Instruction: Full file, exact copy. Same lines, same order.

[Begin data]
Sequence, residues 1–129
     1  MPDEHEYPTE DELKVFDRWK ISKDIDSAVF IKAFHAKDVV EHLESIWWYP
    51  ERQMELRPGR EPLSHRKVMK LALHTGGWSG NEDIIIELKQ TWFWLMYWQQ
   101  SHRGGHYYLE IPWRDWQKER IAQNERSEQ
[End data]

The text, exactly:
Sequence, residues 1–129
     1  MPDEHEYPTE DELKVFDRWK ISKDIDSAVF IKAFHAKDVV EHLESIWWYP
    51  ERQMELRPGR EPLSHRKVMK LALHTGGWSG NEDIIIELKQ TWFWLMYWQQ
   101  SHRGGHYYLE IPWRDWQKER IAQNERSEQ